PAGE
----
Advanced Concepts
Kendo is a lifelong pursuit of mastering fundamentals (kihon), techniques (waza), and key concepts.

Key Concepts

  • Ki Ken Tai no Ichi
    Literally, spirit-sword-body as one. This seemingly simple statement takes many years of diligent effort to achieve.

  • Gan Soku Tan Riki
    The four key elements of kendo:
    • Gan (sight): the ability to see your opponents, not just their physical presence but also their character, feelings, and intentions.
    • Soku (footwork): the movement of the body.
    • Tan (courage): one's spirit and attitude toward one's self and fellow human beings.
    • Riki (power): the ability to put into practice ki-ken-tai no ichi to produce powerful strikes and a powerful presence.

  • Kyo Ku Gi Waku
    The four things you must conquer:
    • Kyo (surprise): do not be startled or taken by surprise.
    • Ku (fear): do not let awe of your opponent or fear of failure overcome you.
    • Gi (doubt): do not hesitate or enter into half-hearted action.
    • Waku (confusion): do not let your mind wander and become disordered.

  • Seme
    Literally, to attack. Seme means to apply pressure to your opponent. There are three basic kinds of seme.
    • Ki o korosu: break the opponent's spirit
    • Waza o korosu: kill the opponent's technique, for example, by changing the distance.
    • Ken o korosu: kill the sword, for example, by knocking the shinai to the side.

  • Datotsu no Kikai
    Literally, chance to strike. The five most important chances are:
    • Debana: as your opponent's attack is beginning.
    • Waza ga owaru toki: when the opponent's attack is finished.
    • Itsuka toki: when the opponent has settled. Observe patterns of breathing or movement.
    • Uke tometa toki: after a block or parry.
    • Mato toki: when the opponent is uncertain.

  • Mittsu no Sen
    The three basic categories of counter-attack (see also the section on Techniques (Waza):
    • Sen sen no sen: before the opponent attacks (e.g. debana waza).
    • Sen zen no sen: when the opponent's attack has begun but can be avoided (e.g. nuki waza).
    • Sen go no sen: when the opponent's attack has begun but can be countered with a parry (e.g. suriage waza, kaeshi waza, or uchi otoshi waza).

  • Maai
    The distance between one and the opponent. The ability to control this distance, and to apply techniques appropriate to a particular distance, is a measure of the maturity of the kenshi. The basic kinds of maai are:
    • To ma: far distance (shinai tips apart)
    • Issoku itto no ma: the distance from which one can strike the opponent with one motion (shinai tips slightly crossed)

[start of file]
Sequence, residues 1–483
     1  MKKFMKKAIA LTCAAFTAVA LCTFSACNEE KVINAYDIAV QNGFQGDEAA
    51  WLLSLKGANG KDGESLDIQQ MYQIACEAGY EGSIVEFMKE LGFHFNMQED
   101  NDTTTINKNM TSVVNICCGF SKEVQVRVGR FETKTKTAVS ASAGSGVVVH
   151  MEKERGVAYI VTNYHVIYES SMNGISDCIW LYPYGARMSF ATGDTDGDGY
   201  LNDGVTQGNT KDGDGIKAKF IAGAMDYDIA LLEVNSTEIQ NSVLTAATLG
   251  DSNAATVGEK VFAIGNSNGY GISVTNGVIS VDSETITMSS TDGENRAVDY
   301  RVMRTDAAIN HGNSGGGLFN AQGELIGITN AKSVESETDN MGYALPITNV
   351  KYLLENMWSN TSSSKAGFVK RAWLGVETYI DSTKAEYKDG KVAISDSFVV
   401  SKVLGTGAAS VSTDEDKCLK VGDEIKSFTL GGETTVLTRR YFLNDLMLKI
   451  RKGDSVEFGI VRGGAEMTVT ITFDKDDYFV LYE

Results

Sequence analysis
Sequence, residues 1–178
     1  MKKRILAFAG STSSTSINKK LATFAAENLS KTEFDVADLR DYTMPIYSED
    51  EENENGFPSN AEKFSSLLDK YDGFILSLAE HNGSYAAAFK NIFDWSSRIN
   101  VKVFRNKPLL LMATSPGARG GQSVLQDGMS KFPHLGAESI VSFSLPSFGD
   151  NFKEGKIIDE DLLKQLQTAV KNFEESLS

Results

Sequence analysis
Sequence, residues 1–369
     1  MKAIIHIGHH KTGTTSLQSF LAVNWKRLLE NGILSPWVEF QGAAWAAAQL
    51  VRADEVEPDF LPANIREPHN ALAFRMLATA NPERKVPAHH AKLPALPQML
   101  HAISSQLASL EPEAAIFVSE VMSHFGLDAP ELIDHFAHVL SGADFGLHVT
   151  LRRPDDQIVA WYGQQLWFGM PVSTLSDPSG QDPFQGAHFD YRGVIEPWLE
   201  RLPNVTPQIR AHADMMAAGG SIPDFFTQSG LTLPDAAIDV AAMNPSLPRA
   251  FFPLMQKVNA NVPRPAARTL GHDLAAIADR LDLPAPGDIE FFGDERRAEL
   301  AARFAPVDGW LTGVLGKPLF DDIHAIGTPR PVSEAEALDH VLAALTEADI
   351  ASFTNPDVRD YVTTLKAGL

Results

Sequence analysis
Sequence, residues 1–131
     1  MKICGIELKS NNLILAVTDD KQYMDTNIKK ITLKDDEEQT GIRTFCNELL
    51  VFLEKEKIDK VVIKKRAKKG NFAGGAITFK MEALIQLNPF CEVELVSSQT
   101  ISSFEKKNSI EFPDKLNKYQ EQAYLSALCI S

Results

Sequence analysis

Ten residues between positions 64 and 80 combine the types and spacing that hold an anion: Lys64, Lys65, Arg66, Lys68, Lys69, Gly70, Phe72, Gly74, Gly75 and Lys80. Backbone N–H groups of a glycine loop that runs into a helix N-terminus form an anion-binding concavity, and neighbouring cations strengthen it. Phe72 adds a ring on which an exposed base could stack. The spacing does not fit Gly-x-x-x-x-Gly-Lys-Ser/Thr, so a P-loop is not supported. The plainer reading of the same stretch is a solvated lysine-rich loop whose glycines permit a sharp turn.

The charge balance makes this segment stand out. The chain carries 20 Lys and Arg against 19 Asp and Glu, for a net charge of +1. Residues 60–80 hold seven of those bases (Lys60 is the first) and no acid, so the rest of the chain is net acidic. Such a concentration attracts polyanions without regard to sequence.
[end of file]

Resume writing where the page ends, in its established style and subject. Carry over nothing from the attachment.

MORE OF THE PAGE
• Chika ma: close distance (shinai tips deeply crossed)

Good kendo builds upon fundamental kendo techniques. The beginning student must concentrate on the basics; letting the basics lapse or jumping too quickly into advanced techniques will lead to bad habits which may be extremely difficult to correct. The advanced student must also constantly review the fundamentals, in order to be able to properly execute the advanced techniques.

There are two broad categories of waza, shikake waza and oji waza. All waza starts with seme.

  • Shikake Waza (Offensive Techniques)
    • Ippon uchi (single hit technique), includes men, do, kote, tsuki
    • Nidan waza, sandan waza (two and three-step techniques) and renzoku waza (multi-step techniques), includes: kote-men, kote-do, kote-men-do, etc.
    • Harai waza (warding off technique), includes harai-men, harai-kote
    • Debana waza (attack-at-the-start technique), includes debana men, debana kote
    • Hiki waza (stepping back technique), includes hiki men, hiki kote, hiki do
    • Katsugi waza (shouldering-the-sword technique)
    • Maki waza (rolling-the-shinai technique)
    • Katate waza (single-hand technique)
  • Oji Waza (Receiving Techniques)
    • Suriage uchi (sliding upward technique), includes men-suriage men, kote-suriage kote, kote-suriage men
    • Kaeshi waza (block-counter technique), includes men-kaeshi do, men-kaeshi men, kote-kaeshi kote
    • Uchiotoshi waza (striking-down technique), includes do-uchiotoshi men
    • Nuki waza (avoiding technique), includes kote-nuki men, men-nuki do
  • waza can also be classified according to the type of attack addressed, such as men ni taisuru waza (techniques against men strikes), kote ni taisuru waza (techniques against kote strikes)

©2006. Norwalk Kendo Dojo. Everything within these pages are property of Norwalk Kendo Dojo and may not be used without written permission.